In economic terms, the project was aiming for an additional $2.7 billion in benefits to New Zealand every year by 2025, and one of the four key goals was “enabling innovative but sustainable development of new products”.

The final project report, and a follow-on review in November 2019, showed good results in several areas, including a significant increase in on-farm productivity. But value-add export brands? Not so much.

The report talks about some cool new Fonterra mozzarella and UHT creams, and new infant and adult formulas under the Anmum and Anlene brands, also made by Fonterra.

But as I wrote in a story about Fonterra in 2018 (Fonterra fails – again – to cash in on dairy value-added), and Newsroom’s Rod Oram wrote in his December 2019 story Fonterra: a lesson in how to sell your future, our main dairy producer has struggled to get nearly as much of its production into higher value food service and consumer products as it would have liked.

“Its financial performance and its rewards to farmers are still fundamentally driven by commodity booms and busts,” Oram says.

Even some of our more nimble dairy companies – a2 milk, Synlait, even Tatua – are arguably not doing enough in the branded export space.


Branding and marketing a premium product is something Lewis Road has done pretty well – in the local market at least. Although the initial advertising spend for the chocolate milk was minuscule – $20,000 – the company has used social media well, and with all its products has tapped into mid- to high-socio economic consumers and into the growing retail trend away from mass market products and towards craft, authenticity, health and wellness.

The Lewis Road/Southern Pastures export butter takes the branding one step further, into supply chain transparency, and authentication of claims, Maan says.

Early on in the process, Southern Pastures developed its own 10-point ethical and healthy production certification, which it is working with government-owned food standards body AsureQuality to convert into a full-blown accreditation programme over the next 6-12 months.

The 10-star commitment is written on the back of every pack. Grass-fed cows, GMO-, palm oil and hormone-free production, 365-day free range cows and “care for the environment, our people and our animals”.

Maan says the company realised there were a bunch of consumers in the US willing to pay a premium for ethically-sourced and fully-traceable products. And before teaming up with Lewis Road it found a dairy company, Westland Milk Products, willing to make its butter, even though that meant cleaning out the whole production system between non-Southern Pastures and Southern Pastures butter batches to make sure no non-traceable milk snuck in.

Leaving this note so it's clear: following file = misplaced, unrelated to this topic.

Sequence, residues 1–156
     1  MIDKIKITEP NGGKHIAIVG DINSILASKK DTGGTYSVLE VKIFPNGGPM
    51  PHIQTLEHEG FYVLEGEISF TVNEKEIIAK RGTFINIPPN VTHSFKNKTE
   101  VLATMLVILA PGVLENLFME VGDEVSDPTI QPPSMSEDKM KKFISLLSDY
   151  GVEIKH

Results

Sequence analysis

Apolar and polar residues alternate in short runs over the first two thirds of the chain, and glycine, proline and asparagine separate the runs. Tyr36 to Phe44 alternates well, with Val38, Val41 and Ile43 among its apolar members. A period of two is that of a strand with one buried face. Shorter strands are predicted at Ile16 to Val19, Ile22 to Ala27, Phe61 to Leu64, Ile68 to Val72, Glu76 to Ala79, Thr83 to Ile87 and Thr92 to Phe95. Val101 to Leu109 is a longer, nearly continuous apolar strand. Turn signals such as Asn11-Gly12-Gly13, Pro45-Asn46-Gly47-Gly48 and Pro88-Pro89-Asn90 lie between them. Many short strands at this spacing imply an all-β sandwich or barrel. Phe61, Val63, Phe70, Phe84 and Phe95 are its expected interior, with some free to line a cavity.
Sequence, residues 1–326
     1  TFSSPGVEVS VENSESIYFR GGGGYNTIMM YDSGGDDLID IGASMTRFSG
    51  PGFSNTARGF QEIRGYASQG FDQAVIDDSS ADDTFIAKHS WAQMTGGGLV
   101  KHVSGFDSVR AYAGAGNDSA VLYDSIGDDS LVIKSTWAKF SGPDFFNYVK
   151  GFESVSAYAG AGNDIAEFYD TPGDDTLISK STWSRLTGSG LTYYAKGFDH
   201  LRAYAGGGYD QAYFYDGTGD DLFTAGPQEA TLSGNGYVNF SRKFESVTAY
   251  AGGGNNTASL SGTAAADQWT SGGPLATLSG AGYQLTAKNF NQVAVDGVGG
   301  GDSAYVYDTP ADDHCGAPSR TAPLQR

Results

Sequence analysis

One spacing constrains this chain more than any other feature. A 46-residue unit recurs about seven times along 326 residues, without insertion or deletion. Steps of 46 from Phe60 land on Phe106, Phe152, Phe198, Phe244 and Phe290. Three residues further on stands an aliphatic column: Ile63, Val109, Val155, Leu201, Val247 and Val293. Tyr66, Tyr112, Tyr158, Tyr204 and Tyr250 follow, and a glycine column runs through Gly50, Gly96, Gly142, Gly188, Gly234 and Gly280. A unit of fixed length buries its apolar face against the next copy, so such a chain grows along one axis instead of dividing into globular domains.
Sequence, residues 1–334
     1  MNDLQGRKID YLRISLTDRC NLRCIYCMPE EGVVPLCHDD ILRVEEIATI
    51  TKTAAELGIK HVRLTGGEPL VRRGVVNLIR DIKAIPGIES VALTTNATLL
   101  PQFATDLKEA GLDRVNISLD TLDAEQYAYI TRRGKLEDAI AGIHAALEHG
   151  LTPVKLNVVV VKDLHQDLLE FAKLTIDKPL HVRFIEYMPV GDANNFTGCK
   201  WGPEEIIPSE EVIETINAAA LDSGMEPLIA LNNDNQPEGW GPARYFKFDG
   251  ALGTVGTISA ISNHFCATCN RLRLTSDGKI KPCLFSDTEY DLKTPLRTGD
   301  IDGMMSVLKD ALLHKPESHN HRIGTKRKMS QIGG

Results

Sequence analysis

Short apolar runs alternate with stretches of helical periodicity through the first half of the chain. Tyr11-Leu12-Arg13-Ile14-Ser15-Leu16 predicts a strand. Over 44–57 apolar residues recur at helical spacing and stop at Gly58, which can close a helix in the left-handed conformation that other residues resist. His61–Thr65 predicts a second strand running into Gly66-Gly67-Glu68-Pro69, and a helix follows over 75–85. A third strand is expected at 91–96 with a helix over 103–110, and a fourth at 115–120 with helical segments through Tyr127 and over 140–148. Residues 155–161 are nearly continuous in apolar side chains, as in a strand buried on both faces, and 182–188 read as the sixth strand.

Which is part of the reason the butter is so expensive.


But Southern Pastures also needed a brand – which is where Lewis Road came in. It bought a 25 percent stake in the creamery in 2017.

Pat English is a former NZ Trade Commissioner in China, now working as an international trade consultant, including as chair of the Agricultural Growth Partnership for MPI. He says with many exporting companies he’s seen, success isn’t just about the innovation, it’s as much about the story that goes with it.

“There are a whole load of trust factors in there. People see the wonderful images of New Zealand and they translate it into the whole product.”

True, says Maan, but as an exporter in a crowded market like US dairy where there might be two dozen butters on the shelf, you’d be foolish to rely too heavily on New Zealand’s reputation for your unique selling point.

“You have to sweat ‘Why am I different and why would people be spending so much more on my product?’ Brand New Zealand is quite far down the list.

“We targeted the new conscious consumer. People want to know where your product is really from, is it really sustainable, is it ethically sourced, how can I validate that?”

The number one target market for Lewis Road in the US is millennial mums – mothers aged from the mid-20s to the early-40s.

Maan says research suggests 25-30 percent of these millennial mums – or rather moms – might be in an income bracket to choose a more sustainable product – even if it’s more expensive.

“These millennial mums want to know they are making good choices, not just buying great tasting butter. When they switch brands they might be OK with paying more, but they are looking for validation they have a better product – carbon neutral, or a B-corp [a company balancing purpose and profit], or one that comes with certification.”


Which is part of the reason why the Lewis Road butter in our supermarkets is different from the US one.